The Mirage Within The Market – A Current Snapshot
When looking at the history of financial markets, there have clearly been periods of excess and speculation – some much more extreme than others. In older times existed the Tulip mania and South Sea bubbles, while more recent times include the well-known Dot Com era of the late 1990s. During each period, investors who participated would always provide an explanation – fear of missing out, the dawn of a new era, perceived scarcity of assets – you name it.
The reality is that the mirage that appears in front of these participants eventually disappears while they hold the rotted remnants in their portfolios. In today’s landscape, crowd psychology has been pervasive when investing in the over-owned and overvalued tech arena. For example, we have seen high profile tech companies split their stock (a move that creates no economic value and reminiscent of the late 1990s), which drove their speculative prices even higher.
We saw investors betting that Tesla TSLA (a company that for a brief period had a market cap greater than Walmart WMT despite generating a mere fraction of its revenue) would be included in the S&P 500 index, only to be disappointed and create a subsequent rout in its share price. Per Dave Rosenberg, nearly a week ago, the five largest stocks in the S&P 500 (all large cap tech) have a combined market cap that “equals the smallest 389 stocks”. These speculative moves are nothing new to the sight of veteran investors but have been significantly more pronounced in the last few months.
Most recently, Softbank (the Japanese conglomerate) led by founder Masayoshi Son had bet billions in short-term options on US tech stocks since the summer, along with many retail investors, compounding the explosive share price growth in the sector. Per the Financial Times, “earlier this summer Goldman Sachs GS estimated that a fifth of all S&P 500 options traded in the second quarter had a maturity of less than 24 hours, up from around 5 percent in 2011-2016.” Speculation is in season. Softbank was built on being a visionary in the world of venture capital based on a long-term investment horizon. Options trading includes the element of time decay – perhaps trying to play a fast game of “catch up” after being burned by imploding unicorn companies reflects a ‘decaying’ investment philosophy.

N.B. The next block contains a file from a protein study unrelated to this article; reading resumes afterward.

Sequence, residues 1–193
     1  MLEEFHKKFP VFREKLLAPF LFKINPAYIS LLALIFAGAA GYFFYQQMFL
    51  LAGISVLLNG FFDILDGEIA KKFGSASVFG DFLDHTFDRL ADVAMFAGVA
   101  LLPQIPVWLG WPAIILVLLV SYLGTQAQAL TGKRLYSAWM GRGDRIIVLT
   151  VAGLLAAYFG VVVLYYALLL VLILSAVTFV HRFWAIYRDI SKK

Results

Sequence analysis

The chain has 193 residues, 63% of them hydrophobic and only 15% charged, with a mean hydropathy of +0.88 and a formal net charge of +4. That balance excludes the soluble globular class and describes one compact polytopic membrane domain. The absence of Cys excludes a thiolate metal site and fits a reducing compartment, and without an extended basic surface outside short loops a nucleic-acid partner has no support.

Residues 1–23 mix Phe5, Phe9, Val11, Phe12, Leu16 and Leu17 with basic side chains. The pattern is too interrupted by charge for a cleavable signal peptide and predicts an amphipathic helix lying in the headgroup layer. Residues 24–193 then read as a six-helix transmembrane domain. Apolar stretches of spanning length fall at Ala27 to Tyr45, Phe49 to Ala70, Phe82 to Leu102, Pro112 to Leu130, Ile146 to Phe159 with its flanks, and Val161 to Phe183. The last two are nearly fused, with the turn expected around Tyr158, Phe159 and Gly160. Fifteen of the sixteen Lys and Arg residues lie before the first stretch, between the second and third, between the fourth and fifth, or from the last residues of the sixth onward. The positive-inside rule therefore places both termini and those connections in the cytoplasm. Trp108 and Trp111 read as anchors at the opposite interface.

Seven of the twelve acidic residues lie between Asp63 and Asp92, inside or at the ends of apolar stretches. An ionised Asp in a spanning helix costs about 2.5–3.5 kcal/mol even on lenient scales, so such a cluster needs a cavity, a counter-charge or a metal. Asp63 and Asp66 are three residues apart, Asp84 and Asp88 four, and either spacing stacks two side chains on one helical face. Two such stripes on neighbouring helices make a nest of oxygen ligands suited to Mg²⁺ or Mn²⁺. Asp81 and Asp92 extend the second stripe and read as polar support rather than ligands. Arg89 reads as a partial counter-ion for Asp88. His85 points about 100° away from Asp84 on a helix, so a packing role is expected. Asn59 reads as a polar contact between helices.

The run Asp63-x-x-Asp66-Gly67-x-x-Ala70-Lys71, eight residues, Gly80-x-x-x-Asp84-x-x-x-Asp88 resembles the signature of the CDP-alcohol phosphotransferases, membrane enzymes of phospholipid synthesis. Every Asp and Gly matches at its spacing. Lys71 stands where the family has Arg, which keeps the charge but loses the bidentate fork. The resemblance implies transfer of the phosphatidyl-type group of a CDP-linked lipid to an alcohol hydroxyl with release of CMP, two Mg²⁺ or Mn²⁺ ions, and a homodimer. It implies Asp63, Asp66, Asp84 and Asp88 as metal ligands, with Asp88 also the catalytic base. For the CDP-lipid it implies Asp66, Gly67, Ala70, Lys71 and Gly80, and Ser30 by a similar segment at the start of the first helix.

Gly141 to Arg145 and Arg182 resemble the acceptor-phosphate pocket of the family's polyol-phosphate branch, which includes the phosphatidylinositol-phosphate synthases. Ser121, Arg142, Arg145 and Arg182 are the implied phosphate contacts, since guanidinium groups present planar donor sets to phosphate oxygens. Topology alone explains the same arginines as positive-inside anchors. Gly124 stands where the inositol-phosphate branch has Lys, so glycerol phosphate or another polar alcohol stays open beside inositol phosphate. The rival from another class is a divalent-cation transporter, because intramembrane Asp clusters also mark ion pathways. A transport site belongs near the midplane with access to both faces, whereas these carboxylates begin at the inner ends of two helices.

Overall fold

The speculation is taking place during a monetary era where the Federal Reserve is no longer concerned with price stability, as the Powell-led Fed is engaged in “flexible” inflation targeting. The Fed is willing to sacrifice price stability for maximum employment. In a time where the US dollar remains overvalued on a trade-weighted real effective exchange rate basis, the runway is clear for higher inflation, as so much of the continued fiscal spending ahead of us (largely monetized by the Fed) will be targeted at the consumer. Remember, there is always a lag with inflation. Inflation is like a landmine. One — it’s dangerous. Two — you don’t really see it until you are in very close proximity. Even then, many won’t see it until they have stepped on top of it. In the end, the Fed’s new inflation approach should shine on precious metals and gold mining companies.
Gold is at the same level it was in 2011 (despite the additional monetary stimulus) while the gold mining stocks, which have reduced capital expenditures, shored up balance sheets, and are returning cash to shareholders, are still over thirty-five percent below those 2011 levels. Furthermore, gold as an asset class is under-owned with almost no institutional ownership. Simon Mikhailovich, co-founder of The Bullion Reserve recently stated that Western institutional and high net worth investors own almost no gold today but in the 1970s, they allocated 5-7% to it.” As there is more evidence of interest from pension funds and endowments, we see a tailwind in this asset class heading into a period of inflation. As Rick Rule, the CEO of Sprott US has stated, “Gold is an asset class that Wall Street can’t spell.” As we see a 1970s-like stagflationary environment ahead of us, it is appropriate to hold the shiny metal and its mining counterparts in an investment portfolio. As the writer-philosopher George Santayana stated, “Those who cannot remember history are condemned to repeat it.”
The Rosenau Group is a team of investment professionals registered with HighTower Securities, LLC, member FINRA, SIPC & HighTower Advisors, LLC, a SEC registered investment advisor. This document was created for informational purposes only; the opinions expressed are solely those of the author, and do not represent those of HighTower or its affiliates. This is not an offer to buy or sell securities, and HighTower shall not in any way be liable for claims related to this writing, and makes no expressed or implied representations or warranties as to its accuracy or completeness